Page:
I await delivery of rubber bumpers and spring seat cushions, then I can put it all together and get to the other side.
    Last edited: Sep 5, 2021
  15. Dago 88
    Joined: Mar 4, 2006
    Posts: 2,237

    Dago 88

    Love your work. ;)
    loudbang likes this.
  16. I'm back........

    Today I modified the lower control arm:



    It's now back on the car in the fixture. I may add some gussets to strengthen the end of the lower arm, but at least it fits, clears, and I am happy with how it turned out.


    Next task is to attach the tie rod on this side and than switch to the driver's side.

    See ya......
    brEad, Shadow Creek, loudbang and 4 others like this.
  17. More sculpture.
    jim snow and loudbang like this.
  18. On the lower, maybe extend the top flange to the center line of the ball joint for a bit more strength ? They both look really good !
    loudbang likes this.
  19. I agree, but need clearance in a turn, so I want to consider the actual shape of the flange extension.
    loudbang likes this.
  20. Yep kinda figured that might be an issue, between turning and up and down movement clearances have a way of disappearing. Good luck and nice work.
    loudbang likes this.
  21. Once I get the tie rod hooked up, the R&P will determine how far I turn. Then I can determine the clearances under turn, bounce, and rebound.

    Which reminds me of a story. In 1963, I was a student at GMI, in Flint, and my Co-op was Chevrolet Engineering Center in Warren, MI. I was spending time in the experimental garages and working along side a suspension engineer on the soon-to-be-introduced Chevy Van. The guy was having trouble figuring out the brake hose routing under turn, bounce, and rebound. After a while, he said, "well let's see how Ford did it". They had a Ford Econoline Van parked right next to it! :):)
    Last edited: Sep 8, 2021
    sidevalve8ba, Graham08, cfmvw and 4 others like this.
  22. stude54ht
    Joined: Dec 30, 2007
    Posts: 949

    from Spokane WA

    looking good.
    loudbang likes this.
  23. Today I worked out the tie rod mounting:

    With the Grand Am power R&P, 2 center threaded holes are used to attach an adapter to which the tie rods mount. The center moves side to side, rather than the more conventional tie rods that stick out the ends of the R&P. I used an L-2x2x1/4 welded to a 7/8" square bar. Each end of the bar is drilled and reamed with a 7-degree tapered reamer to take the rod ends. I found the center of the car and measured the offset of the 2 threaded holes (2-1/8"). The tie rods are just under 20" long, same as the distance from the ball joint to the inner pivot shaft of the lower control arm (that should minimize bump steer):


    That was it. Pretty simple. Tomorrow I will run it through the steer, bounce, and rebound, to make sure there are no interferences. It may be close to the end of the R&P under bounce and steer. If it hits, I may have to heat and bend the outer tie rod end shaft.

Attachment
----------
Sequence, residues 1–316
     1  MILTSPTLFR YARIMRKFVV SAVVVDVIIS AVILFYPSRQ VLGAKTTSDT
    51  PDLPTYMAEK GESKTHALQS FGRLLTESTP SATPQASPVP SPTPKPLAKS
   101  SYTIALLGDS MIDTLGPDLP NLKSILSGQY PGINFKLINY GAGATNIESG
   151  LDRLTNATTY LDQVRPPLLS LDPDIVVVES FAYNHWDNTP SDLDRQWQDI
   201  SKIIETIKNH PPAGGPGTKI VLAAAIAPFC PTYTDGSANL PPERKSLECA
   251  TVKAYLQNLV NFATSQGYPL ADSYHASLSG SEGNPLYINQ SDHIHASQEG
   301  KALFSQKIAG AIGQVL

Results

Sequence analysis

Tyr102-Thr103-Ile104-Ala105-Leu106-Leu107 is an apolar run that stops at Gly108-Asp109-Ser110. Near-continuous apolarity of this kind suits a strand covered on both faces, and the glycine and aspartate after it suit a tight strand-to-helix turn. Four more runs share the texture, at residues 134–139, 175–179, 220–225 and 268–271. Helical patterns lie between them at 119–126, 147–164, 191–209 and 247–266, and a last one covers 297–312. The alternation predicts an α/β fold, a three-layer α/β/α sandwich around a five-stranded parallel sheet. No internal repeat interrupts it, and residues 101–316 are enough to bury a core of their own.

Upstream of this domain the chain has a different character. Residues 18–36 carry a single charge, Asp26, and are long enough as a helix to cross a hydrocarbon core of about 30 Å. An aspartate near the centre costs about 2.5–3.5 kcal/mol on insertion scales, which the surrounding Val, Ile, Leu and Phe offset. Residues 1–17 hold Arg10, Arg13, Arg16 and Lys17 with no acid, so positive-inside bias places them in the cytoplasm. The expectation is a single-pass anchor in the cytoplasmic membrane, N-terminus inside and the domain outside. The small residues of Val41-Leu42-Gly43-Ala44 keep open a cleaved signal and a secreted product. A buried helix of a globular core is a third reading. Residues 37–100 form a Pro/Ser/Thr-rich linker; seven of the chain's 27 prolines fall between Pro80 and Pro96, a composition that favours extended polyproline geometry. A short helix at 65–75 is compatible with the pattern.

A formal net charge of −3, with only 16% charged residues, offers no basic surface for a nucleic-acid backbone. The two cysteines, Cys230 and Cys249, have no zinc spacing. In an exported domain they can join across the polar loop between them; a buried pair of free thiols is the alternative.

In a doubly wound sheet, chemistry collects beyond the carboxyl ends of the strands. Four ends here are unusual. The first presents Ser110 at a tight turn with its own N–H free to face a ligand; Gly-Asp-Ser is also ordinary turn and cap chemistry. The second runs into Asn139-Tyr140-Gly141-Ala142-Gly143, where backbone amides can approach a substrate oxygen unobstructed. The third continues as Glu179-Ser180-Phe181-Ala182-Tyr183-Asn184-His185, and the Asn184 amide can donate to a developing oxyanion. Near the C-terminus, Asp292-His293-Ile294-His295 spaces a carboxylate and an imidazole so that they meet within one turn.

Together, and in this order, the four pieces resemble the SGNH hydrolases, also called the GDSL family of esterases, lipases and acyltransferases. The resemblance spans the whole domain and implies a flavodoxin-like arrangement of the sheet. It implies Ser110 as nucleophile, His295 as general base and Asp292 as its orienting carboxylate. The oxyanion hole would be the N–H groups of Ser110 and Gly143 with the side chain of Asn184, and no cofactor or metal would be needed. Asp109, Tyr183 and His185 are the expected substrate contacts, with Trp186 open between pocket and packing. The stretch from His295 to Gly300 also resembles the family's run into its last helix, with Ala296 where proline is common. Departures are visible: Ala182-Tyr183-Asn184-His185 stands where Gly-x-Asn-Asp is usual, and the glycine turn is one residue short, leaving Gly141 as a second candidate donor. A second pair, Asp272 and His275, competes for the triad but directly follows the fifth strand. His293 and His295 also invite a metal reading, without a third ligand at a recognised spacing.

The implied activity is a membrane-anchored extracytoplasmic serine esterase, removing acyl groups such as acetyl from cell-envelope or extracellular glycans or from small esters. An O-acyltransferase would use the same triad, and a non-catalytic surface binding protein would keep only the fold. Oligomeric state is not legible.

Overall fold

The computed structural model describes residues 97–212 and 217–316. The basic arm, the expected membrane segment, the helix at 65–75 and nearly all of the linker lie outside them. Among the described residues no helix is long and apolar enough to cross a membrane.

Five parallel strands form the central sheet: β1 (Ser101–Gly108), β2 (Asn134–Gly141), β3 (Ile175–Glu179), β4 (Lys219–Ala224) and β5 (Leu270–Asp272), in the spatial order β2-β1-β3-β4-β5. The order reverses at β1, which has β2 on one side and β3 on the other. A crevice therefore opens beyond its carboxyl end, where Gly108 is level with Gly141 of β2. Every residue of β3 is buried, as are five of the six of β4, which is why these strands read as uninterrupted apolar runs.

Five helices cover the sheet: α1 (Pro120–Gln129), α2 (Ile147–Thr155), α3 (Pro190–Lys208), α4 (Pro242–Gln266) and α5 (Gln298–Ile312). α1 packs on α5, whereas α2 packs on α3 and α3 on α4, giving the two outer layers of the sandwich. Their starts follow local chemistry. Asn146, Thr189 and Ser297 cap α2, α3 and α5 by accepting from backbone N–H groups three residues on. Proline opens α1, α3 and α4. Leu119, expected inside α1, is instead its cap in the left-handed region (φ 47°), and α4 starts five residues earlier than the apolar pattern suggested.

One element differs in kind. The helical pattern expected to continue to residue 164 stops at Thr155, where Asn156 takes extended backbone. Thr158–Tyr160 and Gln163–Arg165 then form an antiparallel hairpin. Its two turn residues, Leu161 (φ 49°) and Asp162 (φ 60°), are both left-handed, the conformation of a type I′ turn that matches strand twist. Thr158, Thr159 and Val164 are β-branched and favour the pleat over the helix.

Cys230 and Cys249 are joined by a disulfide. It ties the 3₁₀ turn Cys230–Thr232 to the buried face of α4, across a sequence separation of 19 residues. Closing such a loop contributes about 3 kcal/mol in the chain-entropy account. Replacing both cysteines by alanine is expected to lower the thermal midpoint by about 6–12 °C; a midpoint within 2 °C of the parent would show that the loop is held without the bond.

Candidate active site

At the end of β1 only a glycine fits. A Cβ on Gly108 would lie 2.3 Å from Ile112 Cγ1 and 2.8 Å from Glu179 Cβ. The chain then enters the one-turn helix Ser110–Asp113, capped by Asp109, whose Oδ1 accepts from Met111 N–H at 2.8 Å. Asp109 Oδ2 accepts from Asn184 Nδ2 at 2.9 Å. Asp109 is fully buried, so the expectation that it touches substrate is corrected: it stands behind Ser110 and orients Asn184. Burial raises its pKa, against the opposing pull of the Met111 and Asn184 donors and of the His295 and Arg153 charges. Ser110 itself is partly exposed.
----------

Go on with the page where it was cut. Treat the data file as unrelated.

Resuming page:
For now, It works well lock-to-lock and it appears that I will have reduced the turning radius nicely, as compared to the stock Studebaker.



    Just for grins, here's how I had to do the heat and bend on 26 COOP's steering to get the ackerman to work right. I bought the rolling chassis with the tie rods out front, ar real no-no.



    Later, gater......
    brEad, loudbang, Shadow Creek and 3 others like this.
  24. Might just be the photos, but is the turning radius going to be a tight enough radius ?
    loudbang likes this.
  25. The first photo (right turn) wasn't against full turn. You pretty sharp!

    Actually, it will turn tighter than the stock '53, which was terrible!
    milwscruffy and loudbang like this.
  26. I'm making up for all the time I didn't pay attention in high school !
    loudbang, j hansen and Hnstray like this.
  27. I measured the angle off straight ahead, using a protractor and sighting down on the line on the floor. Inside turn 33 degrees, outside turn 30 degrees. Thank you Mr. Ackerman :)

    I removed the fixture, installed the brake line (fits perfectly to the Studebaker routing), and ran it thru the steer, bounce, rebound. Turned out I had to bend the tie rod ends slightly.


    Last edited: Sep 8, 2021
  28. Jim, I'm so glad you are back in the garage!
    loudbang and jim snow like this.
  29. cfmvw
    Joined: Aug 24, 2015
    Posts: 951


    Almost would have been easier to build new control arms from scratch, but there is no denying yours are a work of art! Some very impressive engineering and fabrication went into those!
    loudbang likes this.
  30. Well, I guess there is always a fallback position.....cut it all out and put a MII assembly in its place........just not as much FUN!:confused::rolleyes:
    loudbang, cfmvw and milwscruffy like this.